This Memorial Day is probably unlike any other Memorial Day we have ever observed.
Of course, as every other Memorial Day, “It Is All About Honoring and Remembering” the men and women who have given it all for our country, for us, in military service – and we do.
But on a day when the coronavirus death toll in our nation quickly and inexorably approaches the grim milestone of 100,000, when our country has lost more lives to the virus than to six of our wars as well as to 9/11 combined, we cannot let it pass without also mourning and honoring those whose lives have been cut short by the virus.
The New York Times, in an unprecedented move to convey the enormity of the tragedy – and to personalize it — has dedicated the entire front page and three additional inside pages to list the names of 1,000 victims of the virus (just 1 percent of the toll) along with a short “tribute” depicting “the uniqueness of each life lost.”
Below the stark headline “US deaths near 100,000, an incalculable loss”, is the sub-heading that reads: “They were not simply names on a list. They were us.”
The Times further expands, “Numbers alone cannot possibly measure the impact of the coronavirus on America, whether it is the number of patients treated, jobs interrupted, or lives cut short.”
One can read the front page with names and tributes here. In addition, in an interactive page, one can see symbolic figures for the nearly 100,000 victims and one can scroll down to find the names and descriptive phrases on 1,000 victims, along with the number one hundred thousand tolling “again and again” as written by Dan Barry. Such as:
One hundred thousand.
A number is an imperfect measure when applied to the human condition. A number provides an answer to how many, but it can never convey the individual arcs of life, the 100,000 ways of greeting the morning and saying good night.
Because of our own backgrounds, age and experiences, we all have some “biases” and preferences.
Here are some names and tributes reflecting my biases.
Douglas Hickok, 57, Pa. Military’s first virus casualty.
Harold L. Hayes, 96, Fort Wright, Ky. Original member of the Navy’s elite Underwater Demolition Team.
Bennie G. Adkins, 86, Opelika Ala. Medal of Honor recipient for Vietnam War heroism.
Philip Kahn, 100, Westbury N.Y. World War II veteran whose twin died in the Spanish Flu epidemic a century ago.
Orlando Moncada, 59, Bronxville, NY. Left Peru and grabbed hold of the American dream.
Jessica Beatriz Cortez, 32, Los Angeles. Immigrated to the United States three years ago.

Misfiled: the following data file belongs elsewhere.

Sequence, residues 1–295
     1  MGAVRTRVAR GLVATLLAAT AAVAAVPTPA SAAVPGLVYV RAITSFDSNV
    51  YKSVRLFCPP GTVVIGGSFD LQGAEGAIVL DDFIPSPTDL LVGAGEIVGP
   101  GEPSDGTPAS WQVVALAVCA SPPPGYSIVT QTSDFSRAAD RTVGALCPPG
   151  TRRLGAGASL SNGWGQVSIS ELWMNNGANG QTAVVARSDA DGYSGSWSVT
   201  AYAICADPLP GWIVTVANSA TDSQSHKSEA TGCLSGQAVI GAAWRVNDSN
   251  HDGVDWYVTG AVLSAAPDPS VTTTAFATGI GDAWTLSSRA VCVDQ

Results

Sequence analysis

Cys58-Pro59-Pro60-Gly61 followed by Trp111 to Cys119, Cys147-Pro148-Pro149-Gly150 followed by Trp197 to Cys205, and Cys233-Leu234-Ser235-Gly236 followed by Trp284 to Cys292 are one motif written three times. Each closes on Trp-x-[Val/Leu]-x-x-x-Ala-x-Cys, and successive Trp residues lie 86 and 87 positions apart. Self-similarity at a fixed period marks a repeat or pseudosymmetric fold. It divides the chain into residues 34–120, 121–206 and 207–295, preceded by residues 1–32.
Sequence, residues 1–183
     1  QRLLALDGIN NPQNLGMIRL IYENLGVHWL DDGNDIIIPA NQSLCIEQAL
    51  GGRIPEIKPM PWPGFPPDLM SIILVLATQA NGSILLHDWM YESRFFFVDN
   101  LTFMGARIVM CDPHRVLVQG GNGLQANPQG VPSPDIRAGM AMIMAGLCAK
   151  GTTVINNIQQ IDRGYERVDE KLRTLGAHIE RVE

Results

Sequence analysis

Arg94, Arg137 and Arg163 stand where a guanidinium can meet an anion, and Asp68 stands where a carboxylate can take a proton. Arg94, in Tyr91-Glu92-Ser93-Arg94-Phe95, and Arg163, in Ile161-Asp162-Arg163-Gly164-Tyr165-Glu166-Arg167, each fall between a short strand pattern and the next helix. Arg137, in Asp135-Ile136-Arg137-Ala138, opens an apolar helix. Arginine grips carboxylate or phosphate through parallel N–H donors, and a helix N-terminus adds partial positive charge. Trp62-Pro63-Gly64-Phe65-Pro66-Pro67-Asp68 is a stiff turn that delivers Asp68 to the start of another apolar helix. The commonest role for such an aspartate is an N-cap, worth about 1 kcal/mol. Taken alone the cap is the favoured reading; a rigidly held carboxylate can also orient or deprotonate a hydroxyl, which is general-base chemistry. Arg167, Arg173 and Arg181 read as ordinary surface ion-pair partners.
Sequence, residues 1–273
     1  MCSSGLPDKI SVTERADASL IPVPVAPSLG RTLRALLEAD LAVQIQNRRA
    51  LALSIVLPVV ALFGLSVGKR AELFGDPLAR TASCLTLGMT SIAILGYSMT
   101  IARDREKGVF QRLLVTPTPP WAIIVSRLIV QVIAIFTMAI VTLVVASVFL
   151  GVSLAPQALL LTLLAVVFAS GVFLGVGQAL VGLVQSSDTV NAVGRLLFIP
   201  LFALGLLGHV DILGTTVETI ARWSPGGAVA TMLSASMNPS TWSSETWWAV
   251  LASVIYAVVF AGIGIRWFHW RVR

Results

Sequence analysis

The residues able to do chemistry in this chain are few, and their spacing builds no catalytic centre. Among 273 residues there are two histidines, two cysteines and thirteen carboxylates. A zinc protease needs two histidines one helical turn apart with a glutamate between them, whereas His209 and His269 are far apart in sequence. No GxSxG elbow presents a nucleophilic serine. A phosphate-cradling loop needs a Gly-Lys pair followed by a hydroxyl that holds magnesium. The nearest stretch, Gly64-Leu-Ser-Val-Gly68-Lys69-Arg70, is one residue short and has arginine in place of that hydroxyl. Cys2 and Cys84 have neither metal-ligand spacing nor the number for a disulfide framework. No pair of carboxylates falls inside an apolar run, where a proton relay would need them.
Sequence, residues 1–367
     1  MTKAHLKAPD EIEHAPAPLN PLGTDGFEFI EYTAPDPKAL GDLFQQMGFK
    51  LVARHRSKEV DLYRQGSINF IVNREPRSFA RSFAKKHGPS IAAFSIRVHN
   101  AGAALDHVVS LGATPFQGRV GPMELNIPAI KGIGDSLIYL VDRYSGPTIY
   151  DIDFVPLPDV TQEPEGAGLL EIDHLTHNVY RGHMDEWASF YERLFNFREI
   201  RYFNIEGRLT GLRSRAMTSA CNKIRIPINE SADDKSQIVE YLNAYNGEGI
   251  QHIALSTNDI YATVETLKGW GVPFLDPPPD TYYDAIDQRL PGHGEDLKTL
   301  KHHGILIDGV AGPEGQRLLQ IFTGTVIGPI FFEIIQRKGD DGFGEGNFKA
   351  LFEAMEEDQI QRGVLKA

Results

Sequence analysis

Liudas Karolis Mikalonis, 86, Berkley, Mich. Immigrated to New York from a German refugee camp after World War II.
Marion Krueger, 85, Kirkland, Wash. Great-grandmother with an easy laugh.
Carl Redd, 62, Chicago. Squeezed in every moment he could with his only grandchild.
Robert M. Shaw, 69, Beverly, MA. Loved being Grandpa to his “little man” and “sweet pea.”
Clara Louise Bennett, 91, Albany. Sang her grandchildren a song on the first day of school each year.
There are 990 more beautiful tributes, such as…
Maria Tassiopoulos, 78, Braintree, MA. Made the best baklava ever.
Anna Sternik Warren, 100, Binghamton, NY. Feisty, unique lady to the end.
Roger Lehne, 93, Fargo, ND. Could be a real jokester.
And simply, yet full of meaning:
Jose Vazquez, 51, Chicago. Husband and father.
Antonio Checo, 67, New York City. Social worker.
Horace Saunders, 96, Mount Airy, Md. Tailor.
Of course, there are also the names of doctors, nurses, social workers, sanitary workers, firefighters, paramedics, candy stripers, gospel singers, pastors, restaurant workers, police officers, bus drivers, security guards, new fathers, new mothers… The names of those “first in the family to graduate from college,” “Sea hawks season ticket holders,” of those “who loved to dance” and those ”who excelled in the kitchen,” of “An Army man, 94, modest about his service in the Pacific” and of a “veteran with a gift for peacemaking.”
Finally, we read about
Azade Kilic, 69, New York. Two-time cancer survivor.
Wogene Debele, 43, Baltimore. Mother outlived by her newborn.
Norma Hoza, 101, Wilmette Ill. Mom to six sons.
Skylar Herbert, 5, Detroit. Michigan’s youngest victim of the coronavirus pandemic.
And perhaps shed a tear or two, if one hasn’t yet…
The author is a retired U.S. Air Force officer and a writer.